A British widow of a certain age raids her savings and screws up her courage to hire a sex worker in “Good Luck to You, Leo Grande,” a dramedy that goes down easy thanks to the sexy-droll presence of Oscar winner Emma Thompson.
And let’s see if we finish this review with no further obvious innuendoes, shall we?
In dramatic terms, it’s a classic “two-hander,” just two strangers in an upscale but non-descript hotel room making a journey from prim and pitiful to pelvic pinochle, with pain and unflattering personal revelations getting in the way of mutual understanding, on or off the clock, over a series of “meetings.”
“Nancy” is a nervous wreck whose “May I kiss your cheek?” tells us this is her “first time” better than making that direct admission to young, hunky sex worker “Leo” (Daryl McCormack of “Peaky Blinders” and “Pixie”). Thankfully, Leo’s a pro and has some experience slow-walking a 50-60something with limited sexual experience into this situation she’s arranged and paid for. Still, this is going to take some work.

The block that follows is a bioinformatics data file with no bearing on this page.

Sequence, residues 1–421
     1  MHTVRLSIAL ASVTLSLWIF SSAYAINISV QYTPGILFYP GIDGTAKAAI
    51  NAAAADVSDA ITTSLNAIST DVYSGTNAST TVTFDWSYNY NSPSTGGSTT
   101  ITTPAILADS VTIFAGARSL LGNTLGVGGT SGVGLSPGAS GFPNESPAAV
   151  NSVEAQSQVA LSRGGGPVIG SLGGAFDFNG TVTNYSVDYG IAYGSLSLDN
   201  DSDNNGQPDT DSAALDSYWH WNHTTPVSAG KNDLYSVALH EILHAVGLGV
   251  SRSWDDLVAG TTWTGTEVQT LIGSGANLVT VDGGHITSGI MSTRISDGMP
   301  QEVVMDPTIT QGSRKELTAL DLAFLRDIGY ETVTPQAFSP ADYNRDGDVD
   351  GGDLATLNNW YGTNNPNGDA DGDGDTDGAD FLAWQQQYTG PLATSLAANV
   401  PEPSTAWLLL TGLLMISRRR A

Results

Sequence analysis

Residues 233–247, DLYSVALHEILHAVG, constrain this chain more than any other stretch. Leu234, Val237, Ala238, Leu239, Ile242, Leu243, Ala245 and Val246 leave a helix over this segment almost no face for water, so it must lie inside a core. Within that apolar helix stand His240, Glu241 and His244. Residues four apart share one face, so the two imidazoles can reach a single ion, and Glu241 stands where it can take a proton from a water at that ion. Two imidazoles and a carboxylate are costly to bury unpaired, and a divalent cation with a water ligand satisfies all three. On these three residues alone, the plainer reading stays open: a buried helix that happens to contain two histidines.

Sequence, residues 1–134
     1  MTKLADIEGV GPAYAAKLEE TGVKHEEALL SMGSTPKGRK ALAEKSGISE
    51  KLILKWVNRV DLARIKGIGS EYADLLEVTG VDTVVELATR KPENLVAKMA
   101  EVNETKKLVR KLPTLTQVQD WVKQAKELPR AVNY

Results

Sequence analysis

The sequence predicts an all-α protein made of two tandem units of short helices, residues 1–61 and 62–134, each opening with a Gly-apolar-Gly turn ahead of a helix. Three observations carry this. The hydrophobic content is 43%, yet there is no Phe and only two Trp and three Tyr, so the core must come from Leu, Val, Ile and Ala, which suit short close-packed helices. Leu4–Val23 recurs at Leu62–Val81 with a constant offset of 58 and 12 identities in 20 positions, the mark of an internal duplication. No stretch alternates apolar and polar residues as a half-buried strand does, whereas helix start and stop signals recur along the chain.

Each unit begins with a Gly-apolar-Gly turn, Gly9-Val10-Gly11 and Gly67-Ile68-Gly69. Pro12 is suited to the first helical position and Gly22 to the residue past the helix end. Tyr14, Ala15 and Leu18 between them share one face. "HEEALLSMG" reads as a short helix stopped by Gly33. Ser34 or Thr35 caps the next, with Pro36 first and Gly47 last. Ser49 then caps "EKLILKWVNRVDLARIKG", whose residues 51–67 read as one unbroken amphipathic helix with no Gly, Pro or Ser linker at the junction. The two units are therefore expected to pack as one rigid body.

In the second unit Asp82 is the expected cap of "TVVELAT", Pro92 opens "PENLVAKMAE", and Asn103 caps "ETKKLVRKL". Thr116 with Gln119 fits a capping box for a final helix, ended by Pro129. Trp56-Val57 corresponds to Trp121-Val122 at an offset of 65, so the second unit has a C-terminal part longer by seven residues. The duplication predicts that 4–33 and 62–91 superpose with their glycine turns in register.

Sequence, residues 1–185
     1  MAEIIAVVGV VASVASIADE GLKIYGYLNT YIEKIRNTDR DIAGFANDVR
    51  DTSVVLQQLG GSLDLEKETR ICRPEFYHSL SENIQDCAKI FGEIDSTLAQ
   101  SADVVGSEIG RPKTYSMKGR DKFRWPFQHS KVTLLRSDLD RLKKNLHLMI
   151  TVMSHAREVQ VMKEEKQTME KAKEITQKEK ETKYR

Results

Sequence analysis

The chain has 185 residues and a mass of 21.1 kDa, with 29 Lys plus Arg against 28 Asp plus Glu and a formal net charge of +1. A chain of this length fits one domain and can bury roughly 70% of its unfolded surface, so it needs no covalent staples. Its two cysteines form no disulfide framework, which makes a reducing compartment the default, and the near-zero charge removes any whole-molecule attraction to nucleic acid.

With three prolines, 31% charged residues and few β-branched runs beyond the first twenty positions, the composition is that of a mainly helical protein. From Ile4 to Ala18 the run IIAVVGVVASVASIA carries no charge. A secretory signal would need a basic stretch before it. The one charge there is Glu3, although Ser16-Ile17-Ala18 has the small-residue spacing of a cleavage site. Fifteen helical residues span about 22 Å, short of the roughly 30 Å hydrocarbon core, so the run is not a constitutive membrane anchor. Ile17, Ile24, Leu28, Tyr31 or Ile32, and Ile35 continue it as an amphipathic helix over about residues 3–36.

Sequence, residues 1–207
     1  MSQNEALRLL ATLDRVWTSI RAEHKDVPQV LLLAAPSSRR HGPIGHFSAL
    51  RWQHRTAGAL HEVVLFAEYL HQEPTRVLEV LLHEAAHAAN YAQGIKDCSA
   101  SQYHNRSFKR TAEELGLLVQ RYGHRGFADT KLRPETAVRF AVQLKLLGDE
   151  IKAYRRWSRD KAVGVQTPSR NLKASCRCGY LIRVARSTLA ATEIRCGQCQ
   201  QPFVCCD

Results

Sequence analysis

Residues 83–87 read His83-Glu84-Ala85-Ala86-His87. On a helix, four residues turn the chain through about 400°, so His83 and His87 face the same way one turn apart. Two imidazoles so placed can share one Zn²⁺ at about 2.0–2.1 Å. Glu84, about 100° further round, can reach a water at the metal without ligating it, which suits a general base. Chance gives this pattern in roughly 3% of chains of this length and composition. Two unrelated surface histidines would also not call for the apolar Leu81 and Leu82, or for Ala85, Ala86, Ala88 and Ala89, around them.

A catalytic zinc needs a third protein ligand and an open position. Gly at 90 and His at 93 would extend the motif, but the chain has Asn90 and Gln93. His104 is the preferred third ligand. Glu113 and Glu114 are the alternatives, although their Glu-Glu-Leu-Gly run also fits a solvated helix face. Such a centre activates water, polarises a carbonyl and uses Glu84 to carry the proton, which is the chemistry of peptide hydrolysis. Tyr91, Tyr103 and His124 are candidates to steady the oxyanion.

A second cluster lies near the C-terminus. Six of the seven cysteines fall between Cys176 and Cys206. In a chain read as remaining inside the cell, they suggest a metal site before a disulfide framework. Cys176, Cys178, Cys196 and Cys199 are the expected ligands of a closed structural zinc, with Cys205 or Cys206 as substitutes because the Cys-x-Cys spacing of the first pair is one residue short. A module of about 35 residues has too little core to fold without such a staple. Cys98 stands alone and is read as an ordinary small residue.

“What would you most desire?”
“Am I a disappointment, so to speak?” And “I won’t be ‘faking it.’ I’m not in the mood.”
She’s a quietly neurotic “Get it over with” bucket lister, of a sort. He’s the patient, even-more-guarded one, and in the manner of such theatrical constructions, something of a sexual psychotherapist. And a wit.
“It’s an orgasm, not a Faberge egg. People have them every day.”
Their banter ranges from lightly biting to sadly confessional, with a liberal dusting of wildly inappropriate — “When did you last see your mother?”
And the relationship, such as it is, evolves. Each gives up a little piece of the Venmo-enforced facade at a time and wounds and flaws are exposed, empathy is earned and/or dashed to bits. The characters have enough layers to seem human, fully-formed and in equal measure loveable and contemptible.
Of course its two person cast and limited set make “Good Luck” feel like a play. And as such, some of the obstacles and conflicts brought into the relationship at regular, clockwork intervals have an air of arbitrary, preordained “dramatic requirement” about them.
And the finale has a grasping quality that plays like a shock value afterthought…or the film’s cynical selling point.
Like most critics, I just adore that Emma. But this “Isn’t she brave?” movie gave me a serious case of the “likes,” a tad too contrived to embrace. Not without protection, anyway.
Rating: R for sexual content, graphic nudity and some language
Cast: Emma Thompson and Daryl McCormack
Credits: Directed by Sophie Hyde, scripted by Katy Brand. A Searchlight release.
Running time: 1:37